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Google refuses to hand over information requested by the prosecutor of Connecticut

"I'm disappointed that Google did not comply with my requests for information," Blumenthal said via a press release, which added that the Prosecutor will consider taking "further steps to enforce the law, including legal action. "

One week ago today, the prosecutor claimed that state information to the web browser because it believed "to have access to personal data that Google improperly sought private wireless network may be necessary to prevent this from happening again."

In that claim the prosecutor said it was "confidential information necessary to verify that the company collected and stored surreptitiously" to "determine whether intercepted passwords, emails and other information."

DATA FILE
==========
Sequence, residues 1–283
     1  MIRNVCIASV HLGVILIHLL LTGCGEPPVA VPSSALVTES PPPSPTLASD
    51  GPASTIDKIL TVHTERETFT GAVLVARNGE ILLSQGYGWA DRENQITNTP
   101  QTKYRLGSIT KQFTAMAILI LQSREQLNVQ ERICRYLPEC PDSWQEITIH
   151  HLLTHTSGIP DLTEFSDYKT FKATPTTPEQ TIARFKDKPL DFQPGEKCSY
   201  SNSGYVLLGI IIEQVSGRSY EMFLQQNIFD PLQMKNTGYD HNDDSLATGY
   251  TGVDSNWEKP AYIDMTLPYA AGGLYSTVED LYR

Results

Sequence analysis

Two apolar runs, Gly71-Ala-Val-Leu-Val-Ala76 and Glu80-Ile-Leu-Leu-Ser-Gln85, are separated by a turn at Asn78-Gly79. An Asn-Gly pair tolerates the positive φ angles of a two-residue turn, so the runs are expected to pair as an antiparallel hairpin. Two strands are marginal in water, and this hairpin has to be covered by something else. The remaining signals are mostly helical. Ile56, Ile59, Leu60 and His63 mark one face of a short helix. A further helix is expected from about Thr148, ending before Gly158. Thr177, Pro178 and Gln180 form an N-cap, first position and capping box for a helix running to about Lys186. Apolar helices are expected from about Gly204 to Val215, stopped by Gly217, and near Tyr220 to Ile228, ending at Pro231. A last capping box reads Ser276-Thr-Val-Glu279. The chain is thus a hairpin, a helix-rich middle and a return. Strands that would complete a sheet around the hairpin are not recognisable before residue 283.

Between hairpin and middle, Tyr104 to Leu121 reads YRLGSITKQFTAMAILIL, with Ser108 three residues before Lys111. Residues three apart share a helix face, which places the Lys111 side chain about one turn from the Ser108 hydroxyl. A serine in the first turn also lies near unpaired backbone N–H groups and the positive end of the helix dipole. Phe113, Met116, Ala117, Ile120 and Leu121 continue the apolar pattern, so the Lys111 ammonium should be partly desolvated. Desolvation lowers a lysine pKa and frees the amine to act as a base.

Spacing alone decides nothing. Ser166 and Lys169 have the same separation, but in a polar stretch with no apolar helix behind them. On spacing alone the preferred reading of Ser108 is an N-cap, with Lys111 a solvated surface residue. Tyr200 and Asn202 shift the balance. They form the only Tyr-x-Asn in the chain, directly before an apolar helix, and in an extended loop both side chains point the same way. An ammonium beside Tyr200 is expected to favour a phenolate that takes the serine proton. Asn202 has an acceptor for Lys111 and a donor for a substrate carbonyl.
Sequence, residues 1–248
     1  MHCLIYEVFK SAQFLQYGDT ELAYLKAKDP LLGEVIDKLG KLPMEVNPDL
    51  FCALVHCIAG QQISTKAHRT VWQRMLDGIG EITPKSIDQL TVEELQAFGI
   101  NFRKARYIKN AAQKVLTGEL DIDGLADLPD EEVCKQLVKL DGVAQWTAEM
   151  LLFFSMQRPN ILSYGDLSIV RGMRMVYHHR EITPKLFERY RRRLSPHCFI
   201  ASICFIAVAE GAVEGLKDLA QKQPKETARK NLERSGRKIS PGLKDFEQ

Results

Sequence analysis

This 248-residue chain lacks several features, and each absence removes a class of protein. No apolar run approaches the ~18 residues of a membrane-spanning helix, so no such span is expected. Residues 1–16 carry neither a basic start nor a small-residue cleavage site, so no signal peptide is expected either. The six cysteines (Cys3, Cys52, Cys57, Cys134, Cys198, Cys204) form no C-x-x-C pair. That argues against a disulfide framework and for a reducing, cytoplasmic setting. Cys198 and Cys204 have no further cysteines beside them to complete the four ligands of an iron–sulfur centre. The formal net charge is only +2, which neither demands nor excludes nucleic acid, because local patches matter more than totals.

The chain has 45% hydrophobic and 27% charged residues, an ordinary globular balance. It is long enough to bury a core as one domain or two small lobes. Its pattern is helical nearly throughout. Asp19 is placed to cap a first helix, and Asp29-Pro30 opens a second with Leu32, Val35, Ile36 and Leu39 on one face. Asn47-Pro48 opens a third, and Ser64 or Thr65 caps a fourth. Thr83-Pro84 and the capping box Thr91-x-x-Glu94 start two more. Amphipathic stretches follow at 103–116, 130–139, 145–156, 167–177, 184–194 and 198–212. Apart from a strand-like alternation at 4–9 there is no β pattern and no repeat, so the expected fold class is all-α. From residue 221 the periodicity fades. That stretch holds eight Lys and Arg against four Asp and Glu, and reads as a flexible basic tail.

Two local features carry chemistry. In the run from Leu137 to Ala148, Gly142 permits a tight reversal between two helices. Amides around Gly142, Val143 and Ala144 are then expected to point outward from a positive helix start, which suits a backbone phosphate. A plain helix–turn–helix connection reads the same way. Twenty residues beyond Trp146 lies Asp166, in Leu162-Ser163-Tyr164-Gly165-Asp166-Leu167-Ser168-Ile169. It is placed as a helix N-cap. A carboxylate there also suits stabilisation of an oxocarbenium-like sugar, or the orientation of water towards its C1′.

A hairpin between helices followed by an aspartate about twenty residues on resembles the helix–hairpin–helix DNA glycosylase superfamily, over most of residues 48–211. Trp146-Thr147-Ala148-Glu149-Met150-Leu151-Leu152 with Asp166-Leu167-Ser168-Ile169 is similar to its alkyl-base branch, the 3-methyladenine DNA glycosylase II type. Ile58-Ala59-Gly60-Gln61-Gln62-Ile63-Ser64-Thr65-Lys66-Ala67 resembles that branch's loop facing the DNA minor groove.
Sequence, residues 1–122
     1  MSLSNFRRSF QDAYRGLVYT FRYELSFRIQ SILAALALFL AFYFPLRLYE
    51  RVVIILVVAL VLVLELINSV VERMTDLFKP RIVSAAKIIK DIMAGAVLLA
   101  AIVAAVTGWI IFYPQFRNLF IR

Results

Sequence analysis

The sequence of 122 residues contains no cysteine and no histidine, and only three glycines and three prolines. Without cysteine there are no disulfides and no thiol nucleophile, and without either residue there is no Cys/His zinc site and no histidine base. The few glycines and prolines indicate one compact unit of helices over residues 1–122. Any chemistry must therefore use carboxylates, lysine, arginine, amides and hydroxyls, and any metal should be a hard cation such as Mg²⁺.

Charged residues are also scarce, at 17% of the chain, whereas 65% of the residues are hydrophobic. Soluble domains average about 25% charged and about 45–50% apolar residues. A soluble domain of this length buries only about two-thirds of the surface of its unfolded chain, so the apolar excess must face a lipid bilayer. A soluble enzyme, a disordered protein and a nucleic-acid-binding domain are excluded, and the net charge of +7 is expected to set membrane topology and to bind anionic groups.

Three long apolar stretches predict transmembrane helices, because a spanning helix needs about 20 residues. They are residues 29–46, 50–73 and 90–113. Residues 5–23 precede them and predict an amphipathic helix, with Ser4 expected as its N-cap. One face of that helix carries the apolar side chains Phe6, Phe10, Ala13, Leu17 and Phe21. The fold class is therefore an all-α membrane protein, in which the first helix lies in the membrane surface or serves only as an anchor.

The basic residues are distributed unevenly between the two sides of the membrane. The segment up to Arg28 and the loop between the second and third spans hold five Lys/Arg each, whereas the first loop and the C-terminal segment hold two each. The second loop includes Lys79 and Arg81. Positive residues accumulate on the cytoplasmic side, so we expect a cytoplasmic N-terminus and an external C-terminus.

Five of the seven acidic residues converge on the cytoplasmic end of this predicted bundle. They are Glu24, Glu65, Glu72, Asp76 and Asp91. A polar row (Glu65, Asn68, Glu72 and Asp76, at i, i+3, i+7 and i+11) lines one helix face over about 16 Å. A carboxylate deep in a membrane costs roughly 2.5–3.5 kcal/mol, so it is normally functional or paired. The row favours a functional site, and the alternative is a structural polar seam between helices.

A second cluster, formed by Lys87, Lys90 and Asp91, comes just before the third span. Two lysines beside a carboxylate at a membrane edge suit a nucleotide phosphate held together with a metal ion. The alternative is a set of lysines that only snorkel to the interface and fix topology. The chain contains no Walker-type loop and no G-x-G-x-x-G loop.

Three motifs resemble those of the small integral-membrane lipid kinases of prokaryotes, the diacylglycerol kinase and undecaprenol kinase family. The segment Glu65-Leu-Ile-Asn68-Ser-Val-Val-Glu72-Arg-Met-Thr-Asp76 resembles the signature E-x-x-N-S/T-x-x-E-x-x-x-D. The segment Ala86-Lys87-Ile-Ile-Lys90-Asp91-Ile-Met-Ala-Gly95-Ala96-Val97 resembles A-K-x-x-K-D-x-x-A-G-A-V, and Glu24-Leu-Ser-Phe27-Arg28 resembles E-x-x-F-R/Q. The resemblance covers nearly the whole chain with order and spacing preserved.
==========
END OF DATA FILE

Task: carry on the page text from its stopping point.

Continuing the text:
Google acknowledged in May that the fleet of vehicles used to take pictures of the streets around the world and draw up its Street View mapping service had picked up about 600 gigabytes of data Wi-Fi networks for several years, including "Fragments "e-mails and internet searches, which the company blamed a" mistake. "


Thus, last June a total of 38 U.S. states have launched an investigation to determine whether Google committed a violation, among which is the state of Connecticut, which also coincides with other initiatives in different parts of the world, especially in Australia and Europe. EFE

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